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Too Much Of A Good Thing: Challenges Of Breastmilk Oversupply

mother breastfeeding her baby

In the breastfeeding world we talk a lot about the struggles involving low milk production and finding ways to boost your supply, but did you know it’s possible to have too much milk? While it’s great to have lots of milk, having a breastmilk oversupply can be just as stressful as not having enough. During the first 6 weeks postpartum, your milk supply is going to take time to regulate. Generally, there should be a gradual increase as your baby grows and feeding patterns become more regular and predictable. After 6 weeks, if you are still struggling with constant fullness, engorgement, or excessive leaking, you may be making more than your baby needs.

How can I tell if I have an oversupply? 

Common signs and symptoms of oversupply in your baby are:

·  Coughing, choking, sputtering during the feed

·  Struggling to stay latched, fussy, or restless at the breast

·  Gulping or pulling off the breast multiple times during a feed

·  Frequent loose, green, frothy poops

·  Excessive gas

·  Frequent spit ups

·  Short feeding sessions

·  They constantly seem hungry, despite feeding often


If your baby is displaying these symptoms and every feeding session is becoming a battle, you should seek professional support. It is important to note that these symptoms can also have other causes, such as allergies or illness so they must be ruled out as well. In combination with the baby’s discomfort, you will likely notice that you are constantly struggling with the pain and discomfort of recurring engorgement or blocked ducts, excessive leaking from the other breast during a feed, and a forceful milk ejection (let-down) reflex. This is when your milk sprays with too much force and your baby struggles to cope. They respond by pulling off the breast or biting down on your breast to slow the flow of milk, causing more pain and frustration for you.

What causes oversupply? 

Most often, oversupply is caused by asking your body to make more milk than you need, like extra pumping sessions or thinking your baby should take both breasts at every feed. If you are exclusively breastfeeding a healthy, full-term baby there is usually no need to pump as well. It is a good idea to meet with a lactation consultant prenatally or early postpartum to help set you up for success.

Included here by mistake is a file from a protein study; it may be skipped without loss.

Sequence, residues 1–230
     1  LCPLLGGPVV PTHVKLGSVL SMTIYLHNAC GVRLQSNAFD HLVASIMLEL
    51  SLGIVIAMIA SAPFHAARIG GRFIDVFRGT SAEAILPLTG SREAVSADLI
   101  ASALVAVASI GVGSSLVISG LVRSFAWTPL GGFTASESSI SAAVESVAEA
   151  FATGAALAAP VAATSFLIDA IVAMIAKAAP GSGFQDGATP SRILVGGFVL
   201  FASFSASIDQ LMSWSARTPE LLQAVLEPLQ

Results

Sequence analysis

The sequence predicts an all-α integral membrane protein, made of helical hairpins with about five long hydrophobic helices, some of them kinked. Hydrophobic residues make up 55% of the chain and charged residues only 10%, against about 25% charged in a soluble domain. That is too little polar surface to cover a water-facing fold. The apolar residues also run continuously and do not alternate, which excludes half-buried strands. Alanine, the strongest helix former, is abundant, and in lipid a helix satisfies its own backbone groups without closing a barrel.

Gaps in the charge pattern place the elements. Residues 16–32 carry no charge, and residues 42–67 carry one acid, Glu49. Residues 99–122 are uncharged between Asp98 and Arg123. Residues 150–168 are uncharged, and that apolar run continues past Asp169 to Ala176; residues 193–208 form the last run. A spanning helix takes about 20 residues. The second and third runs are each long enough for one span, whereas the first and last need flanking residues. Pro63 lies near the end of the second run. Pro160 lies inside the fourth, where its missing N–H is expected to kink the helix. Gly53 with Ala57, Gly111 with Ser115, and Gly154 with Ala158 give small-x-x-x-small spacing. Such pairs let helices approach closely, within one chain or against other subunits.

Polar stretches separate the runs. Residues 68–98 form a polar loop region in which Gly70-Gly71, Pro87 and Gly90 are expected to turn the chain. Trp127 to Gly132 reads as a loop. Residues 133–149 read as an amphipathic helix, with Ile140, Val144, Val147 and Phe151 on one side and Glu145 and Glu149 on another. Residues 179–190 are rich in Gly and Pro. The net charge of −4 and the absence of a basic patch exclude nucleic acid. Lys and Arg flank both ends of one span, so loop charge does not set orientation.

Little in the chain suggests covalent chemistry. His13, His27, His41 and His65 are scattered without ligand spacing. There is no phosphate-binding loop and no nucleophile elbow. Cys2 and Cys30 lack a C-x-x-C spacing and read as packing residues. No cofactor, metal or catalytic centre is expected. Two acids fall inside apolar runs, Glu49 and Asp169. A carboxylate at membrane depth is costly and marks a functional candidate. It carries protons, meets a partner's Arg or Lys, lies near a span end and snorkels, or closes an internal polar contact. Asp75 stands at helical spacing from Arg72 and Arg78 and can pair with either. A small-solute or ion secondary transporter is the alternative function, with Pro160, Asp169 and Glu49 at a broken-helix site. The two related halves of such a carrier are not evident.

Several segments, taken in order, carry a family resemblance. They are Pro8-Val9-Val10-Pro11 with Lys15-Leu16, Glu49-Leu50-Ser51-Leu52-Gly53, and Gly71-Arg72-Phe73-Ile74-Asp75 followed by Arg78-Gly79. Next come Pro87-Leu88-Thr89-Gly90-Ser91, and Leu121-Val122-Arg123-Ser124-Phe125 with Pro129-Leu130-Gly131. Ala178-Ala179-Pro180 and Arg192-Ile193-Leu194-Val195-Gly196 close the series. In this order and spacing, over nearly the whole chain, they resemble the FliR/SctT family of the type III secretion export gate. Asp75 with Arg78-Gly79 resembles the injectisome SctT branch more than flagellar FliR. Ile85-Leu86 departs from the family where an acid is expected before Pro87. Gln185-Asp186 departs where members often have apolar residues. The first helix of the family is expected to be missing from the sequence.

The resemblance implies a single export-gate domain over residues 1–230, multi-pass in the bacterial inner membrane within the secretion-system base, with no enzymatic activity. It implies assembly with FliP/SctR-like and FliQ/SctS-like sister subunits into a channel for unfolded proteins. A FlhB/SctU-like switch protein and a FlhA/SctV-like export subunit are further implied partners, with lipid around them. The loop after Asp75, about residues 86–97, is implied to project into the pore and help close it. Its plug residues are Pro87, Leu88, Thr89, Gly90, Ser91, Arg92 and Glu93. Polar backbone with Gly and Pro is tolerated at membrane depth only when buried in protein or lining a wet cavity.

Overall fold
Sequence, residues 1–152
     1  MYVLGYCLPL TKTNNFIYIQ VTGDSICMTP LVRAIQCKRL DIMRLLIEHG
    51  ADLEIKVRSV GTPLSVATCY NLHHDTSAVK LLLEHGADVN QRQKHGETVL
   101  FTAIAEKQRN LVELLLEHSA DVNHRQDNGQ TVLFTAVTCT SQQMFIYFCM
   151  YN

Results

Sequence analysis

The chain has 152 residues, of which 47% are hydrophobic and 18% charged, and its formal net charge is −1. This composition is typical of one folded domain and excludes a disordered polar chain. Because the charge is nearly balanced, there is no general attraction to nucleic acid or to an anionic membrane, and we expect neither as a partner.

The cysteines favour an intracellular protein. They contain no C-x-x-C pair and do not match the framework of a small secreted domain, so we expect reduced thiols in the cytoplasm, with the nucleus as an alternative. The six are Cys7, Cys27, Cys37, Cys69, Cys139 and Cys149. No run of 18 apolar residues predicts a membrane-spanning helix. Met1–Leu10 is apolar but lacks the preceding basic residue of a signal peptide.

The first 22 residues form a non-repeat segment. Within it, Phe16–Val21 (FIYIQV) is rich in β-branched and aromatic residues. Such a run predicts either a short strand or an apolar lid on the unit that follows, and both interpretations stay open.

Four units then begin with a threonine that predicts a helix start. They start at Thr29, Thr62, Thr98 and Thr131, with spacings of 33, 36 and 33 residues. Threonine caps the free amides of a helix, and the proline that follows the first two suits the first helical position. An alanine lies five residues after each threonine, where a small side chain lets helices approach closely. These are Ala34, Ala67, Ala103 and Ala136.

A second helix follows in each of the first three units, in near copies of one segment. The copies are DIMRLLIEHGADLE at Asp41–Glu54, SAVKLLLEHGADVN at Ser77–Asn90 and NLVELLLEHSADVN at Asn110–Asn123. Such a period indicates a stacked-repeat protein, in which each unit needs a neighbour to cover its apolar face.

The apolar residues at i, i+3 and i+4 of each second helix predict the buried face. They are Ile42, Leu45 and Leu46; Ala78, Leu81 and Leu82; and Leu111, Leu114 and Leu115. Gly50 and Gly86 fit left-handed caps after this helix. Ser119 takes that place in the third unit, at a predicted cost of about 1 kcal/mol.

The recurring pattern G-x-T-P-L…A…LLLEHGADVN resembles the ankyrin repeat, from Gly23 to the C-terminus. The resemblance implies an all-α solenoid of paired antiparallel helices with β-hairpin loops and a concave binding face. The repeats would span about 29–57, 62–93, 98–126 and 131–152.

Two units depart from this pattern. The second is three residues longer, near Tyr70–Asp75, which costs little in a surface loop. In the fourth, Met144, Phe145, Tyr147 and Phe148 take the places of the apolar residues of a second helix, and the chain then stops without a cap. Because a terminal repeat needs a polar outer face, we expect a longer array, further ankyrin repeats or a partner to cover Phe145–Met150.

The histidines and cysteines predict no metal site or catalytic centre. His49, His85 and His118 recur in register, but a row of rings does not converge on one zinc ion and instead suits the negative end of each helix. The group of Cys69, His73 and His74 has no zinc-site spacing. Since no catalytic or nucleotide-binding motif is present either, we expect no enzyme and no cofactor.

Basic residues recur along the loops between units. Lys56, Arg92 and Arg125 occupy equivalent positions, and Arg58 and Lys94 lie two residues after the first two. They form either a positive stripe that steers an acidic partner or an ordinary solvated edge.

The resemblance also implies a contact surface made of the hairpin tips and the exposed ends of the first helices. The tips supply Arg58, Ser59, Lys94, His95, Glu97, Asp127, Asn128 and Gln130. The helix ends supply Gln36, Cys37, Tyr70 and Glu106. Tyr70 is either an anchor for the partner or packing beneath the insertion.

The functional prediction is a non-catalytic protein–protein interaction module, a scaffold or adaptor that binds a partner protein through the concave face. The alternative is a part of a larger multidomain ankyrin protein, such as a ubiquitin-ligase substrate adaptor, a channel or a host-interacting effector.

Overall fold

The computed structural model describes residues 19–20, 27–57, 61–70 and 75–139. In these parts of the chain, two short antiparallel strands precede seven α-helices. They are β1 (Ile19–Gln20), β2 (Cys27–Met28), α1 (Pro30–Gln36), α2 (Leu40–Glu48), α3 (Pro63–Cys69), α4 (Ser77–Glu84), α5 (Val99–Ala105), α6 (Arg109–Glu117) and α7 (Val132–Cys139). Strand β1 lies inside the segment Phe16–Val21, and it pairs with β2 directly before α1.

How does it affect me and my baby?

Breastfeeding with an oversupply is not fun for either you or your baby, and it can make you want to stop breastfeeding altogether. It can also affect your baby’s digestion by creating a foremilk/hindmilk imbalance. Foremilk is the milk available at the beginning of a feed; it is low in fat and high in lactose. Hindmilk is the milk at the end of a feed, which is higher in fat. When your baby is gulping to cope with an oversupply, they fill up quickly on air and foremilk. The result from too much of the lactose in the foremilk is a very fussy baby with frequent green, frothy poops. They may even have blood in their poop from irritation in the intestines. Based on these symptoms, oversupply is commonly misdiagnosed as colic or a milk protein allergy.   

How can I manage my oversupply?

A lactation consultant can help you with strategies to effectively reduce your supply while maintaining good volumes for your baby. Some things you can try to reduce your supply include:

·  Jasmine tea- starting with a half cup per day and gradually increasing until results are seen

·  Peppermint tea- 2-4 cups per day until results are seen

·  Stop any extra pumping that you are doing on top of feeding (if you need to pump for comfort to relieve fullness, do not empty the breast)

·  Block feeding


For an overactive milk ejection reflex, you can try positioning your baby in a more upright feeding position while you lean back against a comfortable chair or couch, or even lie down on your back and have your baby latch while on top of you. These methods will slow the flow as the milk ejection reflex will have to work against gravity. You can also hand express or pump briefly to trigger the reflex, and then latch your baby to the breast after the spray is done and the flow has slowed.


Remember that every breastfeeding experience is unique and what works for some may not be right for you. If you are experiencing any feeding concerns, speak to a lactation consultant so you can be sure your care plan is tailored to your individual needs and goals. Breastfeeding should be a pleasant and relaxing experience for you and your baby!


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